Do good designs and good desires make you a Christian? By no means, unless they are brought to good effect. “The road to Hell is paved (said one) with good intentions.” The great question of all, then, still remains: Is the love of God shed abroad in your heart? Can you cry out: “My God and my all!” Do you desire nothing but Him? Are you happy in God? Is He your glory?, your delight, your crown of rejoicing?
And is this commandment written in your heart: That he who loves God love his brother also? Do you then love your brother as yourself? Do you love every man, even your enemies, even the enemies of God, as your own soul? As Christ loved you? Do you believe that Christ loved you, and gave Himself for you? Have you indeed redemption through His blood, even the remission of thy sins? And does His Spirit bear witness with your spirit, that you are a child of God?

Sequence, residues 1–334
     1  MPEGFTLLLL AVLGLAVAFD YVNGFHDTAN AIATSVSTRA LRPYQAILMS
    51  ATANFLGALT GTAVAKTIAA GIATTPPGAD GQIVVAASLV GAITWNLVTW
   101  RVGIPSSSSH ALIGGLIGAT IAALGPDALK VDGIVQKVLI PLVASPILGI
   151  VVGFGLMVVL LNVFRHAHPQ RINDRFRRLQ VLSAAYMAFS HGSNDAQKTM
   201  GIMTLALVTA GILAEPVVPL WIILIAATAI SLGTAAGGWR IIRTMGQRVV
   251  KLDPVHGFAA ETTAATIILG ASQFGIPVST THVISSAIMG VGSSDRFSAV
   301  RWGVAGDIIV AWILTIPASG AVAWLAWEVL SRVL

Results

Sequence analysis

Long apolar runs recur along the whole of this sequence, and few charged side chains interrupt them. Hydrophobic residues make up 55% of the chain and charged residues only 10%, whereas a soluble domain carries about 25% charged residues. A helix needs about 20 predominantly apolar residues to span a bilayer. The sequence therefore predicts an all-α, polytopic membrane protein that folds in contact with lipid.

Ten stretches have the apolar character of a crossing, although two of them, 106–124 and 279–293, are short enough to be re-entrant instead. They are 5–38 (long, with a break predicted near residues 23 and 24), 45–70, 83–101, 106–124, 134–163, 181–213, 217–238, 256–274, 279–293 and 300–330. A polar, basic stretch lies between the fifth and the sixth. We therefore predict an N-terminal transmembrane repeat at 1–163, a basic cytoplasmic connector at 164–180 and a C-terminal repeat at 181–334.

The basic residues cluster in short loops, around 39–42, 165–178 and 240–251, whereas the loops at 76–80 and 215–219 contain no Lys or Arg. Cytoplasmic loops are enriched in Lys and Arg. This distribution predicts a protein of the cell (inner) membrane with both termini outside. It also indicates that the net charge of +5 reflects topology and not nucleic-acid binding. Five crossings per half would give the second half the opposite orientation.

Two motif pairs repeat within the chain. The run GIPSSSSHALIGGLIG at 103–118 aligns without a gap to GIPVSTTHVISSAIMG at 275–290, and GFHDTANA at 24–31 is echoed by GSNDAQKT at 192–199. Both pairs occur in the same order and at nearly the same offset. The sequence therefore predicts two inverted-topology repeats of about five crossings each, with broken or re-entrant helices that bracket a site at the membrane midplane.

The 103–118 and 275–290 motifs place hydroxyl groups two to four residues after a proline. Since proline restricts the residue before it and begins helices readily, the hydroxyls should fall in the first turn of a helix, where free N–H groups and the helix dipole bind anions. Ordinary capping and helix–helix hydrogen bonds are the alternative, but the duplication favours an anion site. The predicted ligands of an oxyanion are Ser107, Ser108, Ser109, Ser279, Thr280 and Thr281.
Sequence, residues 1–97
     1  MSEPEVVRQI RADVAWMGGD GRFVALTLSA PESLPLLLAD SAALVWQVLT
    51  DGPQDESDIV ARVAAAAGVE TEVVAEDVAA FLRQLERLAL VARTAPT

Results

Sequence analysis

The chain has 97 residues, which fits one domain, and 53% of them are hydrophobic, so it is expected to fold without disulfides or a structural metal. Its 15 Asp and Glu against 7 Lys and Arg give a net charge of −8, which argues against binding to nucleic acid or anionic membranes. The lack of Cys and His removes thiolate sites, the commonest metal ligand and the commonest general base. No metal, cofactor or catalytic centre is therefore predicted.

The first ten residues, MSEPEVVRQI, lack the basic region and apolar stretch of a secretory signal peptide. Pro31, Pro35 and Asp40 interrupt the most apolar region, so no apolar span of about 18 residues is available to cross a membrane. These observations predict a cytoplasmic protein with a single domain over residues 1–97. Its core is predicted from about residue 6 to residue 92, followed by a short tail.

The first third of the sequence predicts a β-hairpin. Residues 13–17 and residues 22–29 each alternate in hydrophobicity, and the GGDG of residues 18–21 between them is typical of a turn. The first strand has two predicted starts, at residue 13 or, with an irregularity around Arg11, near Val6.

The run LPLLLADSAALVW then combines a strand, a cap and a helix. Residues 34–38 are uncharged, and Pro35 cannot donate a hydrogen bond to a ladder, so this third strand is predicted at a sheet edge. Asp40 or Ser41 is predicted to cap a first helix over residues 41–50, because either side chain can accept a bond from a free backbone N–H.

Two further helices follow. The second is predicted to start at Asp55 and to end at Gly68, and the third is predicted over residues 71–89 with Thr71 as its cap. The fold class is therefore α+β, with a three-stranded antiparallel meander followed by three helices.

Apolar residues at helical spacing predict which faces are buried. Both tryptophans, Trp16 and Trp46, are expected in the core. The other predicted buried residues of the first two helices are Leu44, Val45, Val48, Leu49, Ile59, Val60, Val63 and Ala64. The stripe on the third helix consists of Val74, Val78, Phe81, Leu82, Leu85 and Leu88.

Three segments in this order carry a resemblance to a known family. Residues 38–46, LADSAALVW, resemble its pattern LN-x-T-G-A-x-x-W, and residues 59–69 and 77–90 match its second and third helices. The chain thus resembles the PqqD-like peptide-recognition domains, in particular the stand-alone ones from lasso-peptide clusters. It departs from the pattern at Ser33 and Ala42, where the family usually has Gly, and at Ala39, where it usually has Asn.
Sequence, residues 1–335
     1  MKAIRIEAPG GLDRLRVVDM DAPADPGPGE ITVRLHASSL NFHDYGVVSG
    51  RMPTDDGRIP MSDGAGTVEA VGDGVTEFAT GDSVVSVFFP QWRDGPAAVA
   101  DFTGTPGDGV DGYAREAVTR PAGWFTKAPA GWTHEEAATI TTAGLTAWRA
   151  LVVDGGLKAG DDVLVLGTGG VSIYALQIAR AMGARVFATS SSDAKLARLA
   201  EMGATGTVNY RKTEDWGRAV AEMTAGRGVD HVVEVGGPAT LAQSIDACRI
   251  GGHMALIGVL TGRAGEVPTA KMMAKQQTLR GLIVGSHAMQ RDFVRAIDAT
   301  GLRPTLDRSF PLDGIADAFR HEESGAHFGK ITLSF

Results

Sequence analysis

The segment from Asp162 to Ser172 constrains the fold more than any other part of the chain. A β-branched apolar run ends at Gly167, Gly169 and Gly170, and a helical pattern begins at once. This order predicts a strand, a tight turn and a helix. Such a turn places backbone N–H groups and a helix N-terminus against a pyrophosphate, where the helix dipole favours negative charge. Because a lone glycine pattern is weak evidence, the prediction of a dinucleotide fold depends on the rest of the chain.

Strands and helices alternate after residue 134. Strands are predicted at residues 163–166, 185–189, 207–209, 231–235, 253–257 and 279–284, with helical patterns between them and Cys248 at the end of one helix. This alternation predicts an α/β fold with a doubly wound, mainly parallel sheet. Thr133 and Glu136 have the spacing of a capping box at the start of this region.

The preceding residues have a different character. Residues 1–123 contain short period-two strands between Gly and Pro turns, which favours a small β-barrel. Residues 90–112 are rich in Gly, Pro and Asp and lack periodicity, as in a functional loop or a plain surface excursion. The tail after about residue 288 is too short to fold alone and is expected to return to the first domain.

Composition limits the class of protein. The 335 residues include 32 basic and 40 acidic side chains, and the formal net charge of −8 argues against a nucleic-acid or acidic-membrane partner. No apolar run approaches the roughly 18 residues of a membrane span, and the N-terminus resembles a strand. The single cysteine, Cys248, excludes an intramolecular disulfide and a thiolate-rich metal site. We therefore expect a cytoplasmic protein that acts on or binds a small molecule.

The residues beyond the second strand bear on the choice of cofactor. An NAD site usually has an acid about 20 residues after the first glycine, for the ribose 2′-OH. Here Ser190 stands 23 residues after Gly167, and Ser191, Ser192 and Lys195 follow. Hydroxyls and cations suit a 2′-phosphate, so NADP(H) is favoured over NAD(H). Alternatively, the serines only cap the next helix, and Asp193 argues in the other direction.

May we thus all experience what it is, to be not only almost, but altogether Christians! Being justified freely by His grace, through the redemption that is in Jesus: knowing we have peace with God through Jesus Christ: rejoicing in hope of the glory of God, and having the love of God shed abroad in our hearts, by the Holy Ghost given to us!